You may want to get one of the newer ones that have a zipper access to the bladder without removing it from the pack to refill it. Get one with a large opening so you can clean it easliy and with a wide mouth you can also put ice cubes inside. we used to just freeze the water in the bladder but that was recently identified as a cancer concern.
I tend to ride with a small waist pack because I don’t like the backpack straps when I am riding. Also, I don’t enjoy sucking water from a tube so my waistpack has a couple of water bottles on the sides.
Walmart ws selling an inexpensive waistpack that works well for about $10 in the sporting goods section and the wide mouth waterbottles alone were worth that. Might not be best for Muni, but I mostly ride distance.
How did you go from none to seeing some without enough storeage room? I have several sizes, but the one used the most for Muni has been my smallest one - Camelbak Rocket. It has a 72 oz bladder and just enough storage for a CO pump, patches, sanitary pads (to stop bleeding), energy bars, compass, trail map, phone, and a couple of squares of TP (don’t use leaves of 3!). During the 12 Miles of Hell MTB race (by the way it was 17 miles this year) I didn’t take the first aid, comfort, or map stuff, and there is still room in the pack for a Platypus bottle which is a light collapsible bottle that boosts my water total to 104 oz. Here is a photo a biker took during the event, and the pack is not that big, for you have to remember there is something to be said for light and fast… http://www.cycleok.com/Assets/12MOH2006/Wheels-are-for-wusses.jpg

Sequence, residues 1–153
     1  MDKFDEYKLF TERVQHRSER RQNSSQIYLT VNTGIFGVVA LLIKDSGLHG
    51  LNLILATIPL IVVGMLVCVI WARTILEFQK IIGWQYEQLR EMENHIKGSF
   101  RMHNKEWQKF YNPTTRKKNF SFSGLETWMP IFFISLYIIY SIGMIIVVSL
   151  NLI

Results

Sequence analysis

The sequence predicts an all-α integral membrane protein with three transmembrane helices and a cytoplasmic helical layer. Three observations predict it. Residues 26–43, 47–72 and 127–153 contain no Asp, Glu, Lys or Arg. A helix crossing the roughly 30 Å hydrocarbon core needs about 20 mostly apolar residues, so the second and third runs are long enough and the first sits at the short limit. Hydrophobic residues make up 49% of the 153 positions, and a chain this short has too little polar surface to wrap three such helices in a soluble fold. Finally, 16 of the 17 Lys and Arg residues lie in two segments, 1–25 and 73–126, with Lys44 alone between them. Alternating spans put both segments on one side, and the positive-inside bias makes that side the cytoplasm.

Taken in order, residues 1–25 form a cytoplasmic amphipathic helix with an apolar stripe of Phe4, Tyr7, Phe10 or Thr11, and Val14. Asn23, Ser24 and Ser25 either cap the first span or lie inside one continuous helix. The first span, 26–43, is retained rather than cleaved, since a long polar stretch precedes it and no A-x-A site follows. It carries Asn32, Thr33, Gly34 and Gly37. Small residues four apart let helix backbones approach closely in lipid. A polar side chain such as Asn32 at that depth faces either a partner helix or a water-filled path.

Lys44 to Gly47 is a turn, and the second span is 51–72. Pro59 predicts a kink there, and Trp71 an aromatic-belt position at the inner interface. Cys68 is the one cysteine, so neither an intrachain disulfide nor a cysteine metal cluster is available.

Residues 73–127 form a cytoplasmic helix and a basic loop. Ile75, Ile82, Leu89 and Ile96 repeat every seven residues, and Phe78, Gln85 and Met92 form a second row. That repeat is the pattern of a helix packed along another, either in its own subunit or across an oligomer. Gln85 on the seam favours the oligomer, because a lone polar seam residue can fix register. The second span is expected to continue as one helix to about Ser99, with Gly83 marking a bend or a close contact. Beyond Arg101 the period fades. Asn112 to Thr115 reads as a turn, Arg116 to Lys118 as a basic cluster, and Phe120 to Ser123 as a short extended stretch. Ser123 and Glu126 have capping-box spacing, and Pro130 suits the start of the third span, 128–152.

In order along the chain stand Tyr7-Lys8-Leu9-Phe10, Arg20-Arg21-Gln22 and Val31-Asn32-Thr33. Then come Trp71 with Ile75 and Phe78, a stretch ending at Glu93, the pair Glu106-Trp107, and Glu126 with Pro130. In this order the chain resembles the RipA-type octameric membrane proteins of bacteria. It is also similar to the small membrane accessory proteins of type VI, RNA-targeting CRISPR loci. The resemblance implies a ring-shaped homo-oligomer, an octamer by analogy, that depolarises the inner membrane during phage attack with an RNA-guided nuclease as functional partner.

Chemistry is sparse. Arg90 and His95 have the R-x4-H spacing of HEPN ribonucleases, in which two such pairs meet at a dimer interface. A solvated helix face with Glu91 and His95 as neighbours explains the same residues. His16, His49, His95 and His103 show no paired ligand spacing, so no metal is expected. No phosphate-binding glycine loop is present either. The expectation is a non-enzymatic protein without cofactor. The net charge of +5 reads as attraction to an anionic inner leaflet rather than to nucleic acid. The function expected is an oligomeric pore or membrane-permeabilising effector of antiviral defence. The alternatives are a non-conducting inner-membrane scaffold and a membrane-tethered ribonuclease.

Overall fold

I have the rouge-much better than classic! It has a pump-port and it also has some extra storage, but it’s still small and light. Carries same water as classic-70 oz. I also have the “blowfish”. Holds 100 oz. For longer rides.
I just got this one as a graduation gift, I have started using it on my street rides and I really like it. It doesn’t bounce around on your back like other packs may, and it has pockets for other crap aswell. I was riding the other day with 2L of water in it aswell as some tools, some pens, a cell phone and a couple other things, and I didn’t have any problems at all. I had a bit of trouble getting them in but once they were in I was dandy.
I use an EMS small daypack/hydration pack with a nalgene reservoir I picked up after the platypus bladder it came with died on me.
It is also my pack for biking and commuting. The two small pockets on the outside hold a light kit, multi-tool, pump, patch kit and irons, computer when I’m off the bike, and a spare tube. The main compartment holds my lock and a cloth bag that other small stuff (mp3 player, wallet, phone, car keys, etc.) go into when I ride. I hate riding with stuff in my pockets. The bladder is a 3L version.
I’ve also used this pack with just the bladder when I was training for a marathon (20 mile runs in hot weather). I can empty the bladder over the course of a run like that pretty easily.
I’m just getting used to it on the uni but it doesn’t seem to affect my balance much, even when loaded and with a full bladder. Can some math whiz figure out about how much you raise your center of gravity when you put 3L of water on your back?